Free Online Translation Services
Negative Reaction Caused By Misuse
In response to the launch of its free online translation services back in the 1990s, CompuServe received many angry emails and a lot of resumes from professional translators who were dissatisfied with the quality of those free translations and instead offered their own professional translation services.
Although years have past since then, many people still have a low opinion of free online machine translation services. Thus, in October 2000, the Wall Street Journal tested two translation portals that offered free online machine translations and concluded that the services were “passable for travelers or for those wanting to translate a letter from a distant cousin” and that they were unacceptable “for business or anything that remotely requires accuracy.”
Some data available in the literature show that the reaction of 25% of those who use free online automatic translation service for the first time is negative. They abandon the service after receiving the translation because they don’t like its poor quality or do not understand the output produced by the machine.
Such negative reaction against machine translation is caused by the unawareness of limitations of machines and the wrong use of them. The point is that not all documents are suitable for machine translation.
The machine definitely does not like the spoken language of “letters from a distant cousin” and long and complex sentences of legal texts. Nor is it delighted with poetry and novels. Theoretically, it could struggle through, say, Hemingway's lean prose characterized by short, clear and simple sentences, though it could never make anything of Pushkin’s fairy tales.
But give the machine a straightforward document of technical or scientific nature (e.g. a voluminous instruction manual) written in a plain or controlled language, and it will assiduously produce a serviceable output in a minute. Much quicker than a human translator.
Human translation is never perfect. Machine translation is even more so. When you use free online translation services or commercial machine translation software, you will inevitably receive a raw output that must be edited if you want to publish it.
When Free Online Translation Services Are Beneficial
In the environment of the growing linguistic diversity of Web content, Web users are facing an acute problem of language barriers. Due to the high cost of human translation, it is impossible to use it to overcome these barriers effectively. But free and instant machine translations, despite their imperfect quality, facilitate communication between people speaking different languages. As long as you can understand the meaning of a translated web page or a message sent to you, or abstracts and summaries, you will not care much about the quality of the translation, especially if it is provided for free.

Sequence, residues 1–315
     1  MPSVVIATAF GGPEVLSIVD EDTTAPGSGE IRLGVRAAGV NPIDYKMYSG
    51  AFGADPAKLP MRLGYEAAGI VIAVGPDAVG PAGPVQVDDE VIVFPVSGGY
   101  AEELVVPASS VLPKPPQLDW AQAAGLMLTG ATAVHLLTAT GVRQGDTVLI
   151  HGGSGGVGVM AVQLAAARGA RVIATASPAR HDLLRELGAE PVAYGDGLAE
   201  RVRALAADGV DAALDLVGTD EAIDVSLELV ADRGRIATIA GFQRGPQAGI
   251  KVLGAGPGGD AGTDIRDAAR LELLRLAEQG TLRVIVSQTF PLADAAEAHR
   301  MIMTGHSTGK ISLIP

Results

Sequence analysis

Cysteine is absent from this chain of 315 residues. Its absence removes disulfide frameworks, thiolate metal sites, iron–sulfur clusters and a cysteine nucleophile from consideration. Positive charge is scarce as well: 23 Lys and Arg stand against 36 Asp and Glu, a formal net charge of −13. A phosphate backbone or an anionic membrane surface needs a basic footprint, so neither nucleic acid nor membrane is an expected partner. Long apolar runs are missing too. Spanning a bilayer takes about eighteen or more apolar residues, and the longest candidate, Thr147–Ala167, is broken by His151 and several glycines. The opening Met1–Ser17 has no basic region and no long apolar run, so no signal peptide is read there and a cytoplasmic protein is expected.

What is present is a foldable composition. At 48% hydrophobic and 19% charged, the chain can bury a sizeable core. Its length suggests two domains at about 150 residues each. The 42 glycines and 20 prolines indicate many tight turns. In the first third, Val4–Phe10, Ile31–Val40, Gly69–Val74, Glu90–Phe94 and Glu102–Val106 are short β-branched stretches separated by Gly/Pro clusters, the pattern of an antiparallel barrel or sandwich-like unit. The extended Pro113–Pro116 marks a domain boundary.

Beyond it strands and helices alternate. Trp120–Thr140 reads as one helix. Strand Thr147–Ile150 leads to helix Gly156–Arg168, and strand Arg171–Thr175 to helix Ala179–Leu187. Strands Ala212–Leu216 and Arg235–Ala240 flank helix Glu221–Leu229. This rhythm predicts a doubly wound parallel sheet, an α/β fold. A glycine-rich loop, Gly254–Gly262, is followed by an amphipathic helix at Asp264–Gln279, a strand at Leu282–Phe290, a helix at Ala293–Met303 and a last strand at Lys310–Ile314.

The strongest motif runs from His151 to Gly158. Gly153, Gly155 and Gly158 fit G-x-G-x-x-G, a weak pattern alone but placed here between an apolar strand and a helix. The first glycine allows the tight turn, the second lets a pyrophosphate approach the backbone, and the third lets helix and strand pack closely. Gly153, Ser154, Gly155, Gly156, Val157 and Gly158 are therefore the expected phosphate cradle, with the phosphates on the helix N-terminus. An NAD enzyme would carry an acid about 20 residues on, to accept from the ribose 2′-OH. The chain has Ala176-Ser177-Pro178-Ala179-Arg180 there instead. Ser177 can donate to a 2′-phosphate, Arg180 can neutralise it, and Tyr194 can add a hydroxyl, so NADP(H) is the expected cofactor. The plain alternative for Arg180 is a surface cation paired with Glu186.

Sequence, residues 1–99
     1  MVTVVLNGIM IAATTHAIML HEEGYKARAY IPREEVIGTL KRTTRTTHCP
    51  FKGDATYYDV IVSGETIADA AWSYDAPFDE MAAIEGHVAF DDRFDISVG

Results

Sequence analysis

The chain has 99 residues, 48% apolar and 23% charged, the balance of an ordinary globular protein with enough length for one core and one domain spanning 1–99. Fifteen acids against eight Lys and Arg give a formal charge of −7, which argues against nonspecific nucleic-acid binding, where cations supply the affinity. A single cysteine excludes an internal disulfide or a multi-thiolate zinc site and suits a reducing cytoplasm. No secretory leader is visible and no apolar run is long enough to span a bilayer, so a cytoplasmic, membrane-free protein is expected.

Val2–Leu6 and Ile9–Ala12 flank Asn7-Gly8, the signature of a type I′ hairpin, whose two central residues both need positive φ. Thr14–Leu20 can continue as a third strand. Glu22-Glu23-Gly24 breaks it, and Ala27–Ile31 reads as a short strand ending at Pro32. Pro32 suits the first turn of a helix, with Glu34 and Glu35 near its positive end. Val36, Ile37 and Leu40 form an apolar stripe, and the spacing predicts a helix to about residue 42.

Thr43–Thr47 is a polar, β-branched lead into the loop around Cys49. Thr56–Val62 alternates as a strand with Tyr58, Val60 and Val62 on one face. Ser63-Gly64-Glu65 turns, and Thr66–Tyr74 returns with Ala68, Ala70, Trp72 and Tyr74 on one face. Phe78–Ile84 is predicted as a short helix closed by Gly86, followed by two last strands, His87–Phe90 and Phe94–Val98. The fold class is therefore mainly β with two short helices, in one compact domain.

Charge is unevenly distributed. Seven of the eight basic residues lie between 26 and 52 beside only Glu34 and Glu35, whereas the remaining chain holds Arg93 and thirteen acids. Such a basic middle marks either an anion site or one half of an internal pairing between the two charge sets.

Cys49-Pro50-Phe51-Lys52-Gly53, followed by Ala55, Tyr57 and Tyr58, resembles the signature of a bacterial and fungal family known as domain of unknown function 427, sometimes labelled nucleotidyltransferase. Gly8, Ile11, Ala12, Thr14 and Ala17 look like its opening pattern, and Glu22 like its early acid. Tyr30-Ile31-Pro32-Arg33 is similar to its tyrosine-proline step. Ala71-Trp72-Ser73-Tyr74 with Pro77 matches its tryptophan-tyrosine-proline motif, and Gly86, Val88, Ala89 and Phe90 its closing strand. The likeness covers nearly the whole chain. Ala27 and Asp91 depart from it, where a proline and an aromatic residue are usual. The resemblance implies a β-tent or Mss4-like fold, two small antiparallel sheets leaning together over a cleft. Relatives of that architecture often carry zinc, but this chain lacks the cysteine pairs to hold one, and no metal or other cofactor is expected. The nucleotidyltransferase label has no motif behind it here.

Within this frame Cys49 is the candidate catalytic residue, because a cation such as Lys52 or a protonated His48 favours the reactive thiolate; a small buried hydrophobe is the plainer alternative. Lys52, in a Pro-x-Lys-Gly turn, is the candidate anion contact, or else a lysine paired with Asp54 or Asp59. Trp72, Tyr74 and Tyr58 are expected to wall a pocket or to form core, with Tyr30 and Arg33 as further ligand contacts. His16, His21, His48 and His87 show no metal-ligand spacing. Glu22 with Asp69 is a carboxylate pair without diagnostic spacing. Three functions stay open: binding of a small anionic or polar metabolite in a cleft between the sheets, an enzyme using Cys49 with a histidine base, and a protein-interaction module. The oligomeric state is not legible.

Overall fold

Free online translation services help to translate in real time electronic texts of all kinds (from chat room conversations to e-mails to web pages). Furthermore, machines can cope with tasks that are beyond human translators because of time and budget constraints. For example, translation on a daily basis of news and data on large corporate websites; translation of multilingual highly dynamic websites or websites that are subject to rapid expansion.
Automatic translation systems gradually evolve. Each generation produces better translation output. However, freely available online systems still often produce imperfect, even absurd translations.
Why do they still underperform? The point is that such systems do not “like” spontaneous, unrestricted language, but they perform well on short and simple sentences with correct grammar and punctuation. The longer the sentence to be translated, the more likely that the machine will be led astray by complexities of the sentence. If you want to disseminate your content with the help of machine translation, write in a „machine-friendly" manner in order to reduce the number of mistakes and inaccuracies in the translation output.
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_____________________________________________________________________ Website owner: Irina Lychak, self-employed freelance linguist, Russian translator, Ukrainian translator, Kiev (Kyiv), Ukraine